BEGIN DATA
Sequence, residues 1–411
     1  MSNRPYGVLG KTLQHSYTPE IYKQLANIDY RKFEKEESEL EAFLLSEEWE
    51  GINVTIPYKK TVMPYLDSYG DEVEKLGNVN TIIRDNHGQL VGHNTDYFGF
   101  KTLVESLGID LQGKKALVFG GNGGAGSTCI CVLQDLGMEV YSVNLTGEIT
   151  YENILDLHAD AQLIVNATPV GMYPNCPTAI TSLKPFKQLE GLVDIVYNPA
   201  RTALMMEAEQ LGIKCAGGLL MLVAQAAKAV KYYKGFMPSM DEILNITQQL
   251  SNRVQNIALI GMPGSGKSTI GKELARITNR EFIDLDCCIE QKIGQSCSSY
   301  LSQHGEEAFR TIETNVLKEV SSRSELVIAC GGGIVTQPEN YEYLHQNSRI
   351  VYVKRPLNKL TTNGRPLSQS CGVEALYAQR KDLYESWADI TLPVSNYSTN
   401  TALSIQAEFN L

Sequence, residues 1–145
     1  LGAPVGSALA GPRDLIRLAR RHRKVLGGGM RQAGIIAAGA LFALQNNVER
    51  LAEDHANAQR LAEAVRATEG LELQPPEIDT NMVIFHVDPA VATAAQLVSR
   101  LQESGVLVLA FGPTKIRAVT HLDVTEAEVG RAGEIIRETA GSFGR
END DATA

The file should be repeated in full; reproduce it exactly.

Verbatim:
Sequence, residues 1–411
     1  MSNRPYGVLG KTLQHSYTPE IYKQLANIDY RKFEKEESEL EAFLLSEEWE
    51  GINVTIPYKK TVMPYLDSYG DEVEKLGNVN TIIRDNHGQL VGHNTDYFGF
   101  KTLVESLGID LQGKKALVFG GNGGAGSTCI CVLQDLGMEV YSVNLTGEIT
   151  YENILDLHAD AQLIVNATPV GMYPNCPTAI TSLKPFKQLE GLVDIVYNPA
   201  RTALMMEAEQ LGIKCAGGLL MLVAQAAKAV KYYKGFMPSM DEILNITQQL
   251  SNRVQNIALI GMPGSGKSTI GKELARITNR EFIDLDCCIE QKIGQSCSSY
   301  LSQHGEEAFR TIETNVLKEV SSRSELVIAC GGGIVTQPEN YEYLHQNSRI
   351  VYVKRPLNKL TTNGRPLSQS CGVEALYAQR KDLYESWADI TLPVSNYSTN
   401  TALSIQAEFN L

Sequence, residues 1–145
     1  LGAPVGSALA GPRDLIRLAR RHRKVLGGGM RQAGIIAAGA LFALQNNVER
    51  LAEDHANAQR LAEAVRATEG LELQPPEIDT NMVIFHVDPA VATAAQLVSR
   101  LQESGVLVLA FGPTKIRAVT HLDVTEAEVG RAGEIIRETA GSFGR